Susie Salvatore, Appellant, v. Commissioner of Internal Revenue, Appellee, 434 F.2d 600 (2d Cir. 1970)Annotate this Case
Decided November 30, 1970
Richard S. Pastore, Greenwich, Conn., for appellant.
Charles E. Anderson, Atty., Dept. of Justice, Washington, D. C. (Johnnie M. Walters, Asst. Atty. Gen., Meyer Rothwacks, and Elmer J. Kelsey, Attys., Dept. of Justice, Washington, D. C., of counsel), for appellee.
Before KAUFMAN, HAYS, and GIBBONS,* Circuit Judges.
IRVING R. KAUFMAN, Circuit Judge:
The taxpayer, Mrs. Susie Salvatore, conveyed a partial interest in her gas station to her children shortly before she and they joined in selling it to Texaco, Inc. Mrs. Salvatore and each of her children reported as income a share of the resulting gain. The Commissioner determined, however, that she was taxable upon the entire gain, and the Tax Court upheld his contention that she was the sole owner and seller of the gas station. Since the facts are fully set forth in the opinion of Judge Featherston, they will be recounted only briefly.
Mrs. Salvatore inherited a Greenwich, Connecticut gas station from her husband in 1948. In the early summer of 1963 a representative of Texaco, Inc. approached her son Amedeo, who operated the station, expressing an interest in acquiring ownership of the station. Amedeo convened a family conference, at which Mrs. Salvatore, and her three sons and two daughters decided to sell if a reasonable offer were made.
Amedeo continued negotiations with Texaco and eventually received an offer of $295,000. After another family conference, it was determined that Texaco's offer was satisfactory, and an allocation of the proceeds was agreed upon. First, tax liens against the property totaling $8000 were to be satisfied, and a $50,000 indebtedness to Texaco secured by a mortgage on the station satisfied. Mrs. Salvatore was then to receive $100,000, that being the amount calculated to earn enough interest to provide $100 per week, which would be sufficient to maintain her. The remaining proceeds were to be divided equally among Mrs. Salvatore's five children. To effectuate this understanding, the family agreed that Mrs. Salvatore would convey an undivided one-half interest in her station to the children, who would then join her in conveying to Texaco. Each was to retain his proportionate share of the proceeds.
On July 24, 1963, Mrs. Salvatore (by herself) and Texaco signed a formal agreement of purchase and sale. One month later, on August 28, she executed a warranty deed conveying the one-half interest to her children. She and her children on August 28 and 30 then conveyed their respective interests in the station to Texaco. All the deeds were filed at the recorder's office simultaneously on September 6.
The Tax Court found that Mrs. Salvatore's children were only "conduit [s] through which to pass title," citing Commissioner of Internal Revenue v. Court Holding Co., 324 U.S. 331, 334, 65 S. Ct. 707, 89 L. Ed. 981 (1945),1 and that Mrs. Salvatore alone, rather than she and her children, was the seller of the gas station. This factual finding can be disturbed only if clearly erroneous. Commissioner of Internal Revenue v. Duberstein, 363 U.S. 278, 291, 80 S. Ct. 1190, 4 L. Ed. 2d 1218 (1960); Lingham v. Commissioner of Internal Revenue, 410 F.2d 754 (2d Cir. 1969); Hilldun Corp. v. Commissioner of Internal Revenue, 408 F.2d 1117, 1120 (2d Cir. 1969). Cf. United States v. Cumberland Public Service Co., 338 U.S. 451, 456, 70 S. Ct. 280, 282-283, 94 L. Ed. 251 (1950) ("It is for the trial court, upon consideration of an entire transaction, to determine the factual category in which a particular transaction belongs"). Indeed, there was substantial support for Judge Featherston's conclusion that Mrs. Salvatore's children were not sellers but mere "conduits." The sequence of events at the second family conference which approved the sale, demonstrates that Mrs. Salvatore and her children were concerned solely with distributing the proceeds of the sale, and that the transfer of title was simply a step towards that end. The insubstantiality of the children's "ownership," which they acquired only on the understanding that they would reconvey, is further underscored by its fleeting duration — no more than a few hours on August 28 as to several of the children, and approximately two days in the case of a daughter living in Florida.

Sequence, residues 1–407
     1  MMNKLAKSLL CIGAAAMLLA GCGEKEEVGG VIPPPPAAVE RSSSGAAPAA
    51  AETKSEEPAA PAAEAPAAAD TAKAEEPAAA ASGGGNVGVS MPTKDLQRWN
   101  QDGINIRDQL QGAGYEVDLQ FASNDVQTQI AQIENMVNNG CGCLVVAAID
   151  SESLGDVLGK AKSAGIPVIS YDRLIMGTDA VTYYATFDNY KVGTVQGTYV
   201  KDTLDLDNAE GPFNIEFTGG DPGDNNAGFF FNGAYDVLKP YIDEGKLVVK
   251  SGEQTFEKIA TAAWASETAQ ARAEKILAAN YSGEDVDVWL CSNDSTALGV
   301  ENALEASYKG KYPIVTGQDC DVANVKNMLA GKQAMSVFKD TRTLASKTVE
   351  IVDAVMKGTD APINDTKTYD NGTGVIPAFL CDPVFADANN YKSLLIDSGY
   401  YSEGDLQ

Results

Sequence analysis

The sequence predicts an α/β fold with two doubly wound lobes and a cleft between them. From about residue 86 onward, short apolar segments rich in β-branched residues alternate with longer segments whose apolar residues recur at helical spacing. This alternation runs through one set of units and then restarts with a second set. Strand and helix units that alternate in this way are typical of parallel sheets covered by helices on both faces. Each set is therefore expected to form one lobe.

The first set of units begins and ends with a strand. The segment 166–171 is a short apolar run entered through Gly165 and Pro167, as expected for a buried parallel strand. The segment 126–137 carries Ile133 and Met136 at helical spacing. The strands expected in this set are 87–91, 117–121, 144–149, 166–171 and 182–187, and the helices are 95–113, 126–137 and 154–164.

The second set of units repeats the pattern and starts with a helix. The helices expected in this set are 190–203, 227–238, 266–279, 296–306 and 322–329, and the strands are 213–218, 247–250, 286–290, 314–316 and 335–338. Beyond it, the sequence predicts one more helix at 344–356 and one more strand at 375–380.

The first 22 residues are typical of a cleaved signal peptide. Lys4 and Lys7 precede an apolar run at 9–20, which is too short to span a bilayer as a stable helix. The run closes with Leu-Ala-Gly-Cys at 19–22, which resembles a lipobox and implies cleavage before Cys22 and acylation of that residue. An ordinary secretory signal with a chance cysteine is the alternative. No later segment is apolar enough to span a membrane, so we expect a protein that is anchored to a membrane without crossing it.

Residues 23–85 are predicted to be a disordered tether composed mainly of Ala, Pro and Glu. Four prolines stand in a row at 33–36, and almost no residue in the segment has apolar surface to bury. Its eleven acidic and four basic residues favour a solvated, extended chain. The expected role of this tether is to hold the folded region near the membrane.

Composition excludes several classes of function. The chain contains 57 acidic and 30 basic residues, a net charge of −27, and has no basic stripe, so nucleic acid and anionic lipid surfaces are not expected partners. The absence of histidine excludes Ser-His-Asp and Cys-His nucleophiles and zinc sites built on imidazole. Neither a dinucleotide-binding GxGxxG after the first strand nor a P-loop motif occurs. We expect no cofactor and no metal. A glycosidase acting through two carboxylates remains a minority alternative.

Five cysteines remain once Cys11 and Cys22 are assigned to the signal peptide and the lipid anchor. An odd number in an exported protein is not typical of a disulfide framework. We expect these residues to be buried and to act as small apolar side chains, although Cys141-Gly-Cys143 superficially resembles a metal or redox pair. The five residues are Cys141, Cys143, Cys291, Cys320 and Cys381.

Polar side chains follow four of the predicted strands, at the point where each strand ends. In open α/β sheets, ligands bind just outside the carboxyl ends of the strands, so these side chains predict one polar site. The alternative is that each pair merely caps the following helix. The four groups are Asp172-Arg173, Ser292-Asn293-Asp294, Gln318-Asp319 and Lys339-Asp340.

In any event, on the record before us, we find that the Tax Court was not clearly erroneous, and we therefore affirm.
Of the United States Court of Appeals for the Third Circuit, sitting by designation
In Court Holding, a corporation negotiated the sale of its only asset, an apartment building. An oral agreement had been reached, but shortly before this agreement was to be reduced to writing, it was determined that lower taxes would result if the corporation distributed the building to its two shareholders as a liquidating dividend and they then sold it to the prospective purchaser. This they proceeded to do, and the shareholders sold on the precise terms the corporation had negotiated. In upholding the Tax Court's determination that the corporation, rather than the shareholders, had sold the building, the Supreme Court said, "The incidence of taxation depends upon the substance of a transaction. * * * To permit the true nature of a transaction to be disguised by mere formalisms, which exist solely to alter tax liabilities, would seriously impair the effective administration of the tax policies of Congress." 324 U.S. at 334, 65 S. Ct. at 708.